Elise Thatcher


Elise Thatcher is a reporter with Aspen Public Radio since 2013. 

Ways To Connect

Garmin International

More commercial truckers are navigating Independence Pass... even though they’re not supposed to. That’s according to the Colorado State Patrol. This summer, officers are doing more to bring those numbers down. And the effort comes as a worldwide GPS company is also trying to get the attention of more drivers.

When traveling east of Aspen on Highway 82, there are several signs warning drivers, saying:

“No trucks over thirty five feet in length can drive up and over Independence Pass.”

Mountain Edition - June 27th, 2013

Jun 27, 2013

In a matter of days, it’ll be illegal to give family or friends a gun... without having them getting a  background check. Today we’ll hear about confusion over details of the new transfer law.

That and other new Colorado laws have frustrated local enforcement officials--enough that they’ve filed a federal civil rights lawsuit. We’ll talk with a Roaring Fork Valley sheriff about why he signed on with that effort.

Our science reporter delves into the tricky question of how air quality is monitored... even when pollution is coming from hundreds of miles away.

A major group of wildfires continues to burn in southwestern Colorado. That’s as Stage One fire restrictions kick into place for parts of the Roaring Fork Valley. We’ll find out why many in Pitkin County are at risk if a wildfire does break out nearby.

We’ll take a tour of one of the most energy efficient houses in the world. Amory Lovins is Chief Scientist for Rocky Mountain Institute. He takes us on a tour of his Old Snowmass home... spoiler alert, it has bananas, too.

Congressional Office of Diana DeGette

Colorado Congresswoman Diana DeGette is again trying to expand wilderness in the state. The Democrat, whose district largely includes Denver, hopes to preserve more than thirty places around Colorado including land in Eagle County. DeGette announced her proposal legislation Monday, June 24th.  She has introduced similar versions for more than a decade.

Mountain Edition - June 20th, 2013

Jun 20, 2013

The pipeline leak in Parachute several months ago has been repaired but the resulting spill is continuing to cause worries. On Sunday, levels of the chemical benzene went up. We ask officials why.

Our science reporter tells us about some heart irregularities that appear to be unique to high level snow skiers.

The Roaring Fork Valley has among the highest number of residents without health insurance in Colorado. As the rollout of Obamacare begins they may… or may not… get insured.

Some black bears seem to be choosing food from town again this year. We’ll talk with an expert about bear behavior and if coming to town is passed down to cubs.

All that and a conversation with painter Don Nice

Courtesy: Rebecca Schild

A world-class climbing area near Rifle may reopen today. The Rifle Mountain Park has been closed for five days because of the nearby Ward Gulch fire. Now, the town’s Parks and Recreation Department says people may be able to return... but it all depends on the weather.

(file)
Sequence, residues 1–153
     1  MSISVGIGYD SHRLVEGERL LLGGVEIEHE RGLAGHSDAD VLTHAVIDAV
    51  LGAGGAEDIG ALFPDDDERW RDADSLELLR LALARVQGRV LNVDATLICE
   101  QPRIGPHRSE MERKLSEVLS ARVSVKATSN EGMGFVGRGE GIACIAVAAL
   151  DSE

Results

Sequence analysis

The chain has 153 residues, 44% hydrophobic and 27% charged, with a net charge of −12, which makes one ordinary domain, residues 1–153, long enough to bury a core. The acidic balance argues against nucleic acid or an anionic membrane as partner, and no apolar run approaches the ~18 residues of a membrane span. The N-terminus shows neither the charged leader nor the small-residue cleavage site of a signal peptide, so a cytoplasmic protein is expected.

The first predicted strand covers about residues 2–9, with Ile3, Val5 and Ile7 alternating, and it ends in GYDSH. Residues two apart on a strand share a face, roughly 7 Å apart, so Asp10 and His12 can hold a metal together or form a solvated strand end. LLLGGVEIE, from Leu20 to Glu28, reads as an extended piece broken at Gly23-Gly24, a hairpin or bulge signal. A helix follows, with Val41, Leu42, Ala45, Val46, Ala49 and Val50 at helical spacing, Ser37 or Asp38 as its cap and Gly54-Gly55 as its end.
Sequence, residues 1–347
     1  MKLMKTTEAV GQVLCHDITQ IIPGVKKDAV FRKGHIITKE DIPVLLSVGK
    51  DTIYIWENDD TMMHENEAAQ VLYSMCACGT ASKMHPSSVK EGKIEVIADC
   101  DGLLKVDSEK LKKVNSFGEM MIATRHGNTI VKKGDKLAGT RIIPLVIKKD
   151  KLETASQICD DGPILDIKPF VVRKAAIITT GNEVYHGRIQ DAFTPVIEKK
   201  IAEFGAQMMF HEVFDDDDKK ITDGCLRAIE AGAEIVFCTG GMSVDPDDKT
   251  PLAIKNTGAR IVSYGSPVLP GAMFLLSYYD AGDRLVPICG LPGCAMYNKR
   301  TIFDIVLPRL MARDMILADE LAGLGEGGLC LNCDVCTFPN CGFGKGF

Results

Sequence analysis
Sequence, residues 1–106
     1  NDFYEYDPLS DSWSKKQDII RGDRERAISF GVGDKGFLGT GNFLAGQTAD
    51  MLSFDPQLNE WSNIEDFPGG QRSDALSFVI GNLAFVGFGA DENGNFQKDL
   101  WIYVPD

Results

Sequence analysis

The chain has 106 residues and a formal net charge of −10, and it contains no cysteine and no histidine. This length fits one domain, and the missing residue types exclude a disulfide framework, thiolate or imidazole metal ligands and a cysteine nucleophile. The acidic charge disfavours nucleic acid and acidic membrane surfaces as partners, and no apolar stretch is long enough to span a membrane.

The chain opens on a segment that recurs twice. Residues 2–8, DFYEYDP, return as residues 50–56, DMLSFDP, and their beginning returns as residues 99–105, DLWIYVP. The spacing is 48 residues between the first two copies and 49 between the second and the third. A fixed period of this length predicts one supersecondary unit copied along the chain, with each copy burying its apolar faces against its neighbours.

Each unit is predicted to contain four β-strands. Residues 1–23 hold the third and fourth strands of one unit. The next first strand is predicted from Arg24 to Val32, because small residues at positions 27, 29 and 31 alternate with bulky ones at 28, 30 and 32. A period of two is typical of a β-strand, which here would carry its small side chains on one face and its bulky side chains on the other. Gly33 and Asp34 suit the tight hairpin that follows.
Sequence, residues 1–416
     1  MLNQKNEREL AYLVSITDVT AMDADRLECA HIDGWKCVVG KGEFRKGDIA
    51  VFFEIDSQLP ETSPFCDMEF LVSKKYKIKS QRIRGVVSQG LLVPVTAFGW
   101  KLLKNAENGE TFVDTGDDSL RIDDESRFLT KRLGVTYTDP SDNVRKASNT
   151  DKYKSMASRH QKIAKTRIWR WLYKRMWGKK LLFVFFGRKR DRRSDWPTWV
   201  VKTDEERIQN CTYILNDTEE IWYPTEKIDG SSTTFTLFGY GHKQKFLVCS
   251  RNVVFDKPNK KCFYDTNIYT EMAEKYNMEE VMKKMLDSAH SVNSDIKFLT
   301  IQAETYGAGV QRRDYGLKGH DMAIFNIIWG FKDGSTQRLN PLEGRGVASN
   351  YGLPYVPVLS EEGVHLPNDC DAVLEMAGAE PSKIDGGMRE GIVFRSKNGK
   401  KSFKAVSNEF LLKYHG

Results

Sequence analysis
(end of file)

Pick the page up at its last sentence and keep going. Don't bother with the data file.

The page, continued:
Rifle Mountain Park has some of the best rock climbing in the country, and climbers from all over the world test their skills there. Everyone was evacuated last Friday, when the Ward Gulch fire got perilously close.  Tom Whitmore is Parks Director for the Town of Rifle.

[Photo: Esther Godson]

For firefighters, each new blaze presents different challenges. Where to get water... the boundaries between private and public property.. access roads and other details can be crucial to getting control of a fire. To make that easier, the Forest Service and other agencies are building their own Google Earth program.

There’s a Red Flag Warning for the lower part of the Roaring Fork Valley. That’s until 8pm  and it comes as much of Colorado is holding its breath - the state’s most devastating fire is burning near Colorado Springs. Hundreds of homes have been destroyed by flames.

A brand new air tanker is part of the firefighting fleet in Colorado Springs.. and a Colorado Senator is trying to beef up forces with repurposed military planes, too.

Gabrielle Petron / Cooperative Institute for Research In Environmental Sciences

Some of Colorado’s top oil and gas promoters are worried that lawmakers... and residents... don’t understand the industry. In the coming months, the Colorado Oil and Gas Association plans to talk with both about the effects--and benefits--of drilling. The group hopes to, in their words, change the conversation about the industry... especially in Colorado’s legislature. Aspen Public Radio’s Elise Thatcher recently spoke with Doug Flanders. He’s the Director of Policy & External Affairs for the Colorado Oil and Gas Association. She asked Flanders why. 

Elise Thatcher

It’s coming down to the wire for the new Aspen Music Festival and School. Workers are cranking on finishing up construction and landscaping for the sixty-five million dollar project. It’s supposed to be mostly done by this Friday. Aspen Public Radio’s Elise Thatcher toured the new digs last week has this report.

Alan Fletcher is President and CEO of the Aspen Music Festival and School. He carefully tip-toes his way across fresh dirt, pipelines and around a pond...finally he stops and points toward three striking buildings that overlook the water.

Aspen has a new mayor-elect.  Steve Skadron will be sworn in next week.  His first order of business will be to replace himself on the city council.

After Skadron is sworn in, Aspen Mayor Mick Ireland becomes citizen Ireland after almost twenty years in public office.

Aspen’s bike sharing program is up and running.  Organizers hope it will become a model for other mountain towns.

A West Slope doctor is indicted on charges related to prescription drugs and money laundering, among other things. He could end up facing life in prison.